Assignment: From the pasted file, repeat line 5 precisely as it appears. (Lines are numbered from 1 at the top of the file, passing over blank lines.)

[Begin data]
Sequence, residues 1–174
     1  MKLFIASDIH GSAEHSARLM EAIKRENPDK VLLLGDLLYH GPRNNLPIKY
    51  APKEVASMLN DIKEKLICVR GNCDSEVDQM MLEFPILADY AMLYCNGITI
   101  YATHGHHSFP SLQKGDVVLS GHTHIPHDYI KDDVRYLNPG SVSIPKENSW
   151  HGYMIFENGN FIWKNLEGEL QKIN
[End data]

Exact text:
   151  HGYMIFENGN FIWKNLEGEL QKIN